I think the Wolves vs. Sheepdogs dynamic is one of the most important elements as to why officers behave the way they do. Every single second of my training, I was told that criminals were not a legitimate part of their community, that they were individual bad actors, and that their bad actions were solely the result of their inherent criminality. Any concept of systemic trauma, generational poverty, or white supremacist oppression was either never mentioned or simply dismissed. After all, most people don’t steal, so anyone who does isn’t “most people,” right? To us, anyone committing a crime deserved anything that happened to them because they broke the “social contract.” And yet, it was never even a question as to whether the power structure above them was honoring any sort of contract back.

Understand: Police officers are part of the state monopoly on violence and all police training reinforces this monopoly as a cornerstone of police work, a source of honor and pride. Many cops fantasize about getting to kill someone in the line of duty, egged on by others that have. One of my training officers told me about the time he shot and killed a mentally ill homeless man wielding a big stick. He bragged that he “slept like a baby” that night. Official training teaches you how to be violent effectively and when you’re legally allowed to deploy that violence, but “unofficial training” teaches you to desire violence, to expand the breadth of your violence without getting caught, and to erode your own compassion for desperate people so you can justify punitive violence against them.

How to be a bastard

I have participated in some of these activities personally, others are ones I either witnessed personally or heard officers brag about openly. Very, very occasionally, I knew an officer who was disciplined or fired for one of these things.

·      Police officers will lie about the law, about what’s illegal, or about what they can legally do to you in order to manipulate you into doing what they want.

·      Police officers will lie about feeling afraid for their life to justify a use of force after the fact.

·      Police officers will lie and tell you they’ll file a police report just to get you off their back.

·      Police officers will lie that your cooperation will “look good for you” in court, or that they will “put in a good word for you with the DA.” The police will never help you look good in court.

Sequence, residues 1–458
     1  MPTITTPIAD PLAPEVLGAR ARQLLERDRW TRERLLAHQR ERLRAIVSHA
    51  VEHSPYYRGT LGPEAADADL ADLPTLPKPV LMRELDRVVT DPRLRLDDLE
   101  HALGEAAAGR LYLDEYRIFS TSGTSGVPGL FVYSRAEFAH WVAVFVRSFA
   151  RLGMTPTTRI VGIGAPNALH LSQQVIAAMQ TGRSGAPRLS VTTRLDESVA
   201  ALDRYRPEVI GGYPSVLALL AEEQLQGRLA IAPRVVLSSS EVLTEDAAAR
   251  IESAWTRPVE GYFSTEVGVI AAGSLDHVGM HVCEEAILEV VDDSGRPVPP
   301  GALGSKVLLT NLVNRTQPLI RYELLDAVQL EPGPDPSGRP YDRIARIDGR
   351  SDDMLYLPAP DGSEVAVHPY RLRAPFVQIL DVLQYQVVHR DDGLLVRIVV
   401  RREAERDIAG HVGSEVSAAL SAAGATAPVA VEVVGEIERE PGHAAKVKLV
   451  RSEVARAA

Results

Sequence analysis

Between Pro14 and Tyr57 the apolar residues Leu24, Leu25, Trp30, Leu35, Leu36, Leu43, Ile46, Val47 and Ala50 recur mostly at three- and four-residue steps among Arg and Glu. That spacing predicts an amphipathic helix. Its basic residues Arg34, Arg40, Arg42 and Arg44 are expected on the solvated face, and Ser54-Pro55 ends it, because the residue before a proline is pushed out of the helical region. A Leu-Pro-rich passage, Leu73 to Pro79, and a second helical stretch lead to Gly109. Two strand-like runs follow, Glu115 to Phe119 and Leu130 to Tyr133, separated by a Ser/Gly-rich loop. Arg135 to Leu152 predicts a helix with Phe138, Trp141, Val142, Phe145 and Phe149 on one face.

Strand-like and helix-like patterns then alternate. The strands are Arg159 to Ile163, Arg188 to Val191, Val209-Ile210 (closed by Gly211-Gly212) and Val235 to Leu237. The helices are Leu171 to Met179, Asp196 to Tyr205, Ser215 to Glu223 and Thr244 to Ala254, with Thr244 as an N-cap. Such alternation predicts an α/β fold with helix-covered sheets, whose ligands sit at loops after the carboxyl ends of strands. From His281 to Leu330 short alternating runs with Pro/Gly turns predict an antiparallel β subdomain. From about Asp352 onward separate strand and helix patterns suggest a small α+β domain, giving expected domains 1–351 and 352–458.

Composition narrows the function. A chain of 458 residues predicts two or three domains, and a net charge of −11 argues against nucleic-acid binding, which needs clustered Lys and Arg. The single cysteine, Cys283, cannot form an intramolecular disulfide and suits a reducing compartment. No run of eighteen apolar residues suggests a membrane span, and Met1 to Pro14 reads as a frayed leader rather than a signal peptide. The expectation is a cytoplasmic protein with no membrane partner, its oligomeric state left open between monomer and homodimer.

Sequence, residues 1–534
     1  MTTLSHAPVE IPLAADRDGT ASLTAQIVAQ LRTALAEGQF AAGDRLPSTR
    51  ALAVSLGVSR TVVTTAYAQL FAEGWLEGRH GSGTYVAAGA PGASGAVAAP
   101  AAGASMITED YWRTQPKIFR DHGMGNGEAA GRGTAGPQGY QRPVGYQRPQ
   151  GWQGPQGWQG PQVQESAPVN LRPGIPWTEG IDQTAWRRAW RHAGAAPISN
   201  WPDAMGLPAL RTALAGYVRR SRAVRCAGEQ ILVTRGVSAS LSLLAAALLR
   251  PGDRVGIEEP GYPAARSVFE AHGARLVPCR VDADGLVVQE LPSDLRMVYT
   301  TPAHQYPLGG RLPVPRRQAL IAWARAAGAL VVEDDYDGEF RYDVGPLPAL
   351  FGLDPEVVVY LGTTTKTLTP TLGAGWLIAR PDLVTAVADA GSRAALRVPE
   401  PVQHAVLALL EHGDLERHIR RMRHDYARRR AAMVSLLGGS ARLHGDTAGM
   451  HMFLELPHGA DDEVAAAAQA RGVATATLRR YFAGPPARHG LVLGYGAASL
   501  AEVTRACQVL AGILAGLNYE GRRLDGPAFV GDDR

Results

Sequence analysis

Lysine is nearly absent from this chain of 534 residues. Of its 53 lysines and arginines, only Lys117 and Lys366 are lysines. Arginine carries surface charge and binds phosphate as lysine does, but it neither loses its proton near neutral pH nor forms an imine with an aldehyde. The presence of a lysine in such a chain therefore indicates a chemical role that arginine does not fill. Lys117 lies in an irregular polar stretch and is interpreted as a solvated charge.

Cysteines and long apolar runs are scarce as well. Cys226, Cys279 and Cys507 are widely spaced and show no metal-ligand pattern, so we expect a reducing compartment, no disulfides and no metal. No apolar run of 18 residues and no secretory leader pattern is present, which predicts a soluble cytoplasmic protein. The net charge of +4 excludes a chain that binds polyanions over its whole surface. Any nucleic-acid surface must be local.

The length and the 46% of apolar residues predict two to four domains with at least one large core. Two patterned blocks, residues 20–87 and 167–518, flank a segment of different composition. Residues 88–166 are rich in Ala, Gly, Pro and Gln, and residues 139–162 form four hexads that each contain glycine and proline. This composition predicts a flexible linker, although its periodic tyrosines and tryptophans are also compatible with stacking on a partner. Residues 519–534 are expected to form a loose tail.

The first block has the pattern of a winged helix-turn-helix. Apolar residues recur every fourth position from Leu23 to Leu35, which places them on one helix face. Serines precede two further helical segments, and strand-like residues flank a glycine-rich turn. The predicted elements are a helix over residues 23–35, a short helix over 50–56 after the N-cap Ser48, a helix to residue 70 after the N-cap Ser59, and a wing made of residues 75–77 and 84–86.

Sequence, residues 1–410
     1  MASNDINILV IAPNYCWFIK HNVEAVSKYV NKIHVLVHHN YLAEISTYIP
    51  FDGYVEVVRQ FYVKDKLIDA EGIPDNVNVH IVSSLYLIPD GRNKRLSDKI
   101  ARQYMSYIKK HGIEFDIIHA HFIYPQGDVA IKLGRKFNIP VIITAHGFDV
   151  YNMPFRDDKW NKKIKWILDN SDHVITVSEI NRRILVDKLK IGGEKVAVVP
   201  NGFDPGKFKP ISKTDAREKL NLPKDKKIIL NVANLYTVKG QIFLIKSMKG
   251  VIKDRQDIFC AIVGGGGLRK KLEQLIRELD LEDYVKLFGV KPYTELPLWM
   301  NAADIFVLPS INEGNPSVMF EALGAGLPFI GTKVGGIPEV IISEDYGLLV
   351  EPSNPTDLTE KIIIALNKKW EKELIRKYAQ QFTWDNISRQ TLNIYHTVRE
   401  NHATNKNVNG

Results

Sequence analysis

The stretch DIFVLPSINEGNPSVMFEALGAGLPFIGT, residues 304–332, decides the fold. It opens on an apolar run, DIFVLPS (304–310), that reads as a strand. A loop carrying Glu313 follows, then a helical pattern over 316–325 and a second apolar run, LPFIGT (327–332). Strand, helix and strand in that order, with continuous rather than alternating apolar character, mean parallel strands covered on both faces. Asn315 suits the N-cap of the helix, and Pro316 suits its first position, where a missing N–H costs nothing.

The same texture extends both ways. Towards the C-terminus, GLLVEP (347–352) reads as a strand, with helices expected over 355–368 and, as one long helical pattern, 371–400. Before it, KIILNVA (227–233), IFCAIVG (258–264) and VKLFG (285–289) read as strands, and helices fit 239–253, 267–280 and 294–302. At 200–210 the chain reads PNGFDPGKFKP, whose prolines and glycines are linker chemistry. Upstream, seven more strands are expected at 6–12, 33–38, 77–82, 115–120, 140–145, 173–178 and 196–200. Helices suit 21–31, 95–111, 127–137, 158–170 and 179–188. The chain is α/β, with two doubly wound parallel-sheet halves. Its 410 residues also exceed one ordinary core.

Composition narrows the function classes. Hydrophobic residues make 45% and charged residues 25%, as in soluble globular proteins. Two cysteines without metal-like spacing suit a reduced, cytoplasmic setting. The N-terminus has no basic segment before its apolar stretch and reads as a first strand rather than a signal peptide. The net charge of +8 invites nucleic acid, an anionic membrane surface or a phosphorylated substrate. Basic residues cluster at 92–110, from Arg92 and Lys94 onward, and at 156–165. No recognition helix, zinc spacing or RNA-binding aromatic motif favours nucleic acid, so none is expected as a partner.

·      Police officers will lie about what they see and hear to access private property to conduct unlawful searches.

·      Police officers will lie and say your friend already ratted you out, so you might as well rat them back out. This is almost never true.

·      Police officers will lie and say you’re not in trouble in order to get you to exit a location or otherwise make an arrest more convenient for them.

·      Police officers will lie and say that they won’t arrest you if you’ll just “be honest with them” so they know what really happened.

·      Police officers will lie about their ability to seize the property of friends and family members to coerce a confession.

·      Police officers will write obviously bullshit tickets so that they get time-and-a-half overtime fighting them in court.

·      Police officers will search places and containers you didn’t consent to and later claim they were open or “smelled like marijuana.”

·      Police officers will threaten you with a more serious crime they can’t prove in order to convince you to confess to the lesser crime they really want you for.

·      Police officers will employ zero tolerance on races and ethnicities they dislike and show favor and lenience to members of their own group.

·      Police officers will use intentionally extra-painful maneuvers and holds during an arrest to provoke “resistance” so they can further assault the suspect.

·      Some police officers will plant drugs and weapons on you, sometimes to teach you a lesson, sometimes if they kill you somewhere away from public view.

·      Some police officers will assault you to intimidate you and threaten to arrest you if you tell anyone.

·      A non-trivial number of police officers will steal from your house or vehicle during a search.

·      A non-trivial number of police officers commit intimate partner violence and use their status to get away with it.

·      A non-trivial number of police officers use their position to entice, coerce, or force sexual favors from vulnerable people.

If you take nothing else away from this essay, I want you to tattoo this onto your brain forever: if a police officer is telling you something, it is probably a lie designed to gain your compliance.

Do not talk to cops and never, ever believe them. Do not “try to be helpful” with cops. Do not assume they are trying to catch someone else instead of you. Do not assume what they are doing is “important” or even legal. Under no circumstances assume any police officer is acting in good faith.

Also, and this is important, do not talk to cops.

I just remembered something, do not talk to cops.

Checking my notes real quick, something jumped out at me: 

Do not fucking talk to cops. Ever.

Say, “I don’t answer questions,” and ask if you’re free to leave; if so, leave. If not, tell them you want your lawyer and that, per the Supreme Court, they must terminate questioning. If they don’t, file a complaint and collect some badges for your mantle.

Do the bastards ever help?

Reading the above, you may be tempted to ask whether cops ever do anything good. And the answer is, sure, sometimes. In fact, most officers I worked with thought they were usually helping the helpless and protecting the safety of innocent people.